• To paint a picture here:
        • Data before you hit your cap = downloading a song instantly.
        • Data after you hit your cap = downloading a song in about 1.5-2 minutes.

And while these are the services the CRTC website says all Canadians should have, many, particularly those in rural and remote areas, do not have access to them.

Manitoba needs coordinated regional effort to ensure that the fibre that’s already in the ground is being used and that any new infrastructure projects anticipate including fibre optic cable.

It’s time we close this digital divide.

Just today, Minister for Rural Economic Development Maryam Monsef announced a fund for rural Internet projects to open soon and that COVID-19 has put a rush on projects like this, bringing to light just how much citizens, businesses, farmers, and students need access to high-speed Internet connection.

I was fortunate enough to take part in CRRBC Virtual Conference over the last two days, an event focused on the challenges and realities of creating a sustainable and ubiquitous digital economy for the rural and remote regions of our country. Attending this event (virtually) enabled me to speak on and hear from others the issues that so many Manitobans in our region are facing because of a lack of broadband infrastructure.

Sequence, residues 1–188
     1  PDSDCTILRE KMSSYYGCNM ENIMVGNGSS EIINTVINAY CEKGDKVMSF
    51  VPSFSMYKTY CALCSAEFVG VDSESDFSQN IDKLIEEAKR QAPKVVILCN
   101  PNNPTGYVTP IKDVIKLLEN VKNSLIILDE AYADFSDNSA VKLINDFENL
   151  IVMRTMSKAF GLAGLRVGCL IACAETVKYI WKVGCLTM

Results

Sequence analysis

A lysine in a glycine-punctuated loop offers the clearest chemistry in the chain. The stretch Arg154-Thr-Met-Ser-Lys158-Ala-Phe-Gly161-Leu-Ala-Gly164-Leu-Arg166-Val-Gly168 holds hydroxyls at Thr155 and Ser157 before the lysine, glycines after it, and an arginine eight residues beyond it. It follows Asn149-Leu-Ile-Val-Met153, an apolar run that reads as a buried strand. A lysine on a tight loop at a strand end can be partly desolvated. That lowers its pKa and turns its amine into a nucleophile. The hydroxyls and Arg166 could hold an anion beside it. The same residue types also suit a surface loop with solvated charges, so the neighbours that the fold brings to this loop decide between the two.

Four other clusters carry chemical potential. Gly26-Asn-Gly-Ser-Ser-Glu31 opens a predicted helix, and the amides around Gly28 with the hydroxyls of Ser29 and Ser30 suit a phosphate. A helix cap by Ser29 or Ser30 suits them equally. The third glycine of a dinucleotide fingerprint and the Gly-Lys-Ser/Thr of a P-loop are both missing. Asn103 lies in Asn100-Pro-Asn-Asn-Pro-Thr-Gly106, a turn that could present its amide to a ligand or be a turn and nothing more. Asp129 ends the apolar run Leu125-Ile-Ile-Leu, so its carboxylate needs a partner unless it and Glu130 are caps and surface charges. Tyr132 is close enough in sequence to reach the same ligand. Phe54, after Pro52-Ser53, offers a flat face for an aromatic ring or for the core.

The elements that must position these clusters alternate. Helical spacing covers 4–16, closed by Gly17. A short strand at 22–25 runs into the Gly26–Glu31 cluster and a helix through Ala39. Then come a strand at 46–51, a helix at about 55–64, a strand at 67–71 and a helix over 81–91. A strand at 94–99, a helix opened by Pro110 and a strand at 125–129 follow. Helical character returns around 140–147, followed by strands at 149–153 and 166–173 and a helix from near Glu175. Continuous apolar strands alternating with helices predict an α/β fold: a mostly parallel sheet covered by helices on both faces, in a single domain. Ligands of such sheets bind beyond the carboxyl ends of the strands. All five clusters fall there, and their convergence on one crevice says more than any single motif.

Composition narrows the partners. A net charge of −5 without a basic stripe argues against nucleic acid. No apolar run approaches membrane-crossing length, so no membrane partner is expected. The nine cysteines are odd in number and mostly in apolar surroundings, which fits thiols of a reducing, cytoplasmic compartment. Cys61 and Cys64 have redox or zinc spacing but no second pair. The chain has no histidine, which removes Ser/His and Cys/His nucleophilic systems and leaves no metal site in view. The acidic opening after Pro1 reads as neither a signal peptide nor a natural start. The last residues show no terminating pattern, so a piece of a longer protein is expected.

Listed below are some of my greatest takeaways from this conference that I would like to share with you and hope that you share with others in your area.

  • Implementing fibre infrastructure to homes, businesses, and farms is the cheapest and the most effective long-term solution to a thriving economy.
  • We need to be thinking in terms of decades, not years, when we plan and build critical infrastructure.
  • Just like roads and bridges, fibre optic cable infrastructure is necessary to connect our communities to the economy.
  • We need to evolve from this cherry-picking, just-serving-the-densely-populated-communities way of thinking. We need to find a model that puts all communities on equal footing. This is a call-to-action for our region’s leaders.
  • Rural residents are often the least served, yet they need this more than urban centres. Residents of a rural area can’t scoot down the street to the café with the free Wi-Fi to get their work done.

I’ve learned a lot from working closely with rural and remote communities as I spend time getting to know the struggles through connectivity planning.

Regardless of where you live, each and every Canadian wishes to be equally afforded the range of benefits, services, and economic opportunities high-speed Internet and digital inclusion offers. We know there’s still much work to be done to address rural connectivity issues – and with the federal government’s ambitious goal of achieving 100% high-speed coverage to all Canadians by 2030, I’m thrilled to be involved with this dynamic panel of relentlessly committed community broadband champions.

man sitting on concrete brick with opened laptop on his lap

If you want to join this conversation, start by using this online tool through the CRTC to see how your current Internet speed measures up. Tweet us or send us a Facebook comment and let us know if your device is currently receiving the Internet speed that every Manitoban is entitled to!